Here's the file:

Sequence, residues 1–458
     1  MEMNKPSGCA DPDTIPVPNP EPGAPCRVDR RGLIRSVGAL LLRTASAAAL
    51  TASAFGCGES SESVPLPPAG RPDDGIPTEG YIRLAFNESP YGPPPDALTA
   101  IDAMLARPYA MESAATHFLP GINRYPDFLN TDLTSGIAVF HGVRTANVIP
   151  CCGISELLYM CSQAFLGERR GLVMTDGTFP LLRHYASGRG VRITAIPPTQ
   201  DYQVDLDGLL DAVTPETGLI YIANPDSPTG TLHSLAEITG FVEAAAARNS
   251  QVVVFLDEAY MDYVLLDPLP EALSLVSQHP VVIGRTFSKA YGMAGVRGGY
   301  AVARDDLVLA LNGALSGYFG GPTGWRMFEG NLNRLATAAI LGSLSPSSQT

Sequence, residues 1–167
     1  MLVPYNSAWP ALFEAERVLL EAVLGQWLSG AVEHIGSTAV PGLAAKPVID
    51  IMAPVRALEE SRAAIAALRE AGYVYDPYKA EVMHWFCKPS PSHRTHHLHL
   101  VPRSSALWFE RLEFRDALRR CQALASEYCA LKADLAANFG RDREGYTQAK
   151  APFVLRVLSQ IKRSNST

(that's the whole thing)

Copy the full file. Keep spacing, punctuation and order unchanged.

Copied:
Sequence, residues 1–458
     1  MEMNKPSGCA DPDTIPVPNP EPGAPCRVDR RGLIRSVGAL LLRTASAAAL
    51  TASAFGCGES SESVPLPPAG RPDDGIPTEG YIRLAFNESP YGPPPDALTA
   101  IDAMLARPYA MESAATHFLP GINRYPDFLN TDLTSGIAVF HGVRTANVIP
   151  CCGISELLYM CSQAFLGERR GLVMTDGTFP LLRHYASGRG VRITAIPPTQ
   201  DYQVDLDGLL DAVTPETGLI YIANPDSPTG TLHSLAEITG FVEAAAARNS
   251  QVVVFLDEAY MDYVLLDPLP EALSLVSQHP VVIGRTFSKA YGMAGVRGGY
   301  AVARDDLVLA LNGALSGYFG GPTGWRMFEG NLNRLATAAI LGSLSPSSQT

Sequence, residues 1–167
     1  MLVPYNSAWP ALFEAERVLL EAVLGQWLSG AVEHIGSTAV PGLAAKPVID
    51  IMAPVRALEE SRAAIAALRE AGYVYDPYKA EVMHWFCKPS PSHRTHHLHL
   101  VPRSSALWFE RLEFRDALRR CQALASEYCA LKADLAANFG RDREGYTQAK
   151  APFVLRVLSQ IKRSNST